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Tiny hedgehogs roamed B.C. 50 million years ago

Paleontologists work on fossil-bearing sediments at the "North Face" fossil site in Driftwood Canyon Provincial Park, British Columbia, where the extinct hedgehog fossils were collected, in 2010.

Dave Greenwood/THE CANADIAN PRESS

Tiny, ancient hedgehogs and prehistoric tapirs once roamed the Bulkley Valley in northern British Columbia, many millennia ago when the area was a temperate oasis from the surrounding tropics, a new study says.

An expedition of scientists found fossils of the estimated 50-million-year-old mammals in Driftwood Canyon near Smithers, B.C. – the first mammal remains found preserved in the well-known fossil beds of the provincial park.

A fingernail-sized hedgehog jawbone was found in 2010 and a hand-sized tapir jaw was discovered the following year by expeditions led by Brandon University in Manitoba, said university biologist David Greenwood.

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"In the case of our little hedgehog, perhaps it was being eaten by an owl or some other predator," Dr. Greenwood said.

The area was once a lake bottom that has produced plant and insect fossils from the early Eocene era and the team believes the hedgehog remains were dropped there by a predator.

"It might be that that was what happened – it was an owl's meal and it coughed up the pellet and that's how it ended up in the lake. That's pure speculation but that seems a reasonable supposition.

"Our tapir though, that was probably where it lived – in a swamp – and it just died there and preserved," he said of the rhino-like creature that was about the size of a medium dog.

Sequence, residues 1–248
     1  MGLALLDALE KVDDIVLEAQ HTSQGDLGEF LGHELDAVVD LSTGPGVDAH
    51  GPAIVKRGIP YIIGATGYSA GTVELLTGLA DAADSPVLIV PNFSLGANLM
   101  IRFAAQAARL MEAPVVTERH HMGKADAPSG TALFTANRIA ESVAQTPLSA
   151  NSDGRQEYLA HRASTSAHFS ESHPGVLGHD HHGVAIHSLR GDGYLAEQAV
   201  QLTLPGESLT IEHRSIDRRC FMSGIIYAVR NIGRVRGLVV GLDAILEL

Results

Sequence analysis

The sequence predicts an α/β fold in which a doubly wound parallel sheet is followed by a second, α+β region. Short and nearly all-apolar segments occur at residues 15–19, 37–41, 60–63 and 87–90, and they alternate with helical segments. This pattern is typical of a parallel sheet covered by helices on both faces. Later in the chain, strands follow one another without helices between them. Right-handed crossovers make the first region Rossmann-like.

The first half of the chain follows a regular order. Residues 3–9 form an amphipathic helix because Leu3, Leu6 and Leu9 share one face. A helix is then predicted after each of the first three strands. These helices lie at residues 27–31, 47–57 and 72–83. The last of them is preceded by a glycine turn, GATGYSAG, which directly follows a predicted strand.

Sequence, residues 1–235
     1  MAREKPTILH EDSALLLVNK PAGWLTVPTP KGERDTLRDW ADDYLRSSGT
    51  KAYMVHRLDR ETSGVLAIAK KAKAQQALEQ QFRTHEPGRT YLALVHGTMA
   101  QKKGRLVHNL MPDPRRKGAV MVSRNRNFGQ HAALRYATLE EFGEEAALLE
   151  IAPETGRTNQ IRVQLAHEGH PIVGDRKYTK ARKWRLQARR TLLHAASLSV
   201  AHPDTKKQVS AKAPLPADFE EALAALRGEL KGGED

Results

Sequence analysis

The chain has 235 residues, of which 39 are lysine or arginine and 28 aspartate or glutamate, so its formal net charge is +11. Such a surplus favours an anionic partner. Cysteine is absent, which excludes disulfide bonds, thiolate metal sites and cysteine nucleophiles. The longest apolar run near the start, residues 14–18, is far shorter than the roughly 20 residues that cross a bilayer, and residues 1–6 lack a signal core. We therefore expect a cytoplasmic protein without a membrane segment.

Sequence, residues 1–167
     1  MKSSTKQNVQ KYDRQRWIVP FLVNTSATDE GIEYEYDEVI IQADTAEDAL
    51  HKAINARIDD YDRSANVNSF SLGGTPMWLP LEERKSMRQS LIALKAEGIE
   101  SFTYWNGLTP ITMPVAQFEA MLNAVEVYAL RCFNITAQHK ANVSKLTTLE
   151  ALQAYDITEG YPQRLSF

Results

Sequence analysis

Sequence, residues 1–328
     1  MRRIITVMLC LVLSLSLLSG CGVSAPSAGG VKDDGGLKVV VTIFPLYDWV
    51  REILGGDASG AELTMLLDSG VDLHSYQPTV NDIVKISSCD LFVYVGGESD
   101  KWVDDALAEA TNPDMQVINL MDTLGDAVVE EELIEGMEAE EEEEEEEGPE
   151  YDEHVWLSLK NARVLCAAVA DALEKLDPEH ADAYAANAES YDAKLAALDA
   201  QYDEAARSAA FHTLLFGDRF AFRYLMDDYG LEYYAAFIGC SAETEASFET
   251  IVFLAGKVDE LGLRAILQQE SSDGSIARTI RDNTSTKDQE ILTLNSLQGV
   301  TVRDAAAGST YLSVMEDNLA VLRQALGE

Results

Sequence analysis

Finding the fossils was just the first hurdle. Identifying them was another.

The hedgehog jawbone was broken into two slabs of rock. The animal would have been about 2.5 centimetres long and the jawbone is only about a centimetre, so it was not possible to extract the remains from the rock and reassemble them, as normal.

Enter technology.

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The specimen was sent to Natalia Rybczynski, a palaeobiologist at the Canadian Museum of Nature in Ottawa and co-author of the study.

"We didn't touch the specimen at all. You could not handle it," she said.

A micro CT scan was used to create a 3D version of the remains, which were then reassembled into a virtual version that could be compared with existing specimens. It was a species previously unknown to science.

For now, the hedgehog jaw remains at the Canadian Museum of Nature but it will be sent to the Royal British Columbia museum in Victoria in the near future.

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